Published since 1946
National Academy of Sciences Will Review CWD Transmission and Spread
An ad hoc committee of experts appointed by the National Academies of Sciences, Engineering, and Medicine will review the state of knowledge about modes of transmission and means of geographic spread of chronic wasting disease (CWD) among free-ranging and captive populations of cervids in the United States.
Chronic wasting disease (CWD) is a fatal prion disease affecting the central nervous systems of cervids, such as deer, elk, reindeer, sika deer, and moose. Prion diseases are caused by the abnormal folding of the prion proteins that form clumps in the brain. The disease was first detected in Colorado in 1967 and is thought to spread among cervids through contact with saliva and other fluids. It is now found in more than 26 states and two Canadian provinces.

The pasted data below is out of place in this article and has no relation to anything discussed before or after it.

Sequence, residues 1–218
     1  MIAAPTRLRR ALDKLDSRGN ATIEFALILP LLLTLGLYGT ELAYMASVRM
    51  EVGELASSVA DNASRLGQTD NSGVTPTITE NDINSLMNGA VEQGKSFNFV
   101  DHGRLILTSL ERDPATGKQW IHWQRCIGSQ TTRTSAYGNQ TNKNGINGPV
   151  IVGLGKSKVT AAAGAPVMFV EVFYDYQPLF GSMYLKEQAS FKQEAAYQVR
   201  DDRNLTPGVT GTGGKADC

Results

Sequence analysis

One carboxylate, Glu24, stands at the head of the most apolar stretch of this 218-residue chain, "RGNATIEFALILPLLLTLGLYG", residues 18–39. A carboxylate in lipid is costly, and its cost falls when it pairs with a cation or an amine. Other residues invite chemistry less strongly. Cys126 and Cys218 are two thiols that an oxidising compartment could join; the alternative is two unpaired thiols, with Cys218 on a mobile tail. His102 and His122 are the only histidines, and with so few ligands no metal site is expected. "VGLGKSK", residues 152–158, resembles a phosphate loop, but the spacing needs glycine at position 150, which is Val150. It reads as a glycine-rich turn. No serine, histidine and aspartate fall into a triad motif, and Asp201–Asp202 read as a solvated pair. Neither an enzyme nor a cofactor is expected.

Specifically, the committee will draw conclusions about the state of knowledge regarding:
- The infectious dose of CWD and different modes of disease transmission among cervids;
- The means of geographic spread through cervid dispersal, scavenger activity, and human actions;
- The effectiveness of interventions to reduce transmission and/or geographic spread of the disease; and
- The population-level and economic impacts of CWD and the effectiveness of different interventions to reduce those impacts.
The committee will write a report that addresses these points based on its review of published and in-progress research on CWD.
WMI’s Matt Dunfee will be part of the review group. Matt also coordinates the Chronic Wasting Disease Alliance for WMI and its partners. The Chronic Wasting Disease Alliance, established in 2002, is dedicated to providing scientifically valid CWD information, including FAQs, recommendations for hunters, CWD management strategies, ongoing CWD research, and more. The alliance seeks to help control the spread of CWD and limit its effect on cervids.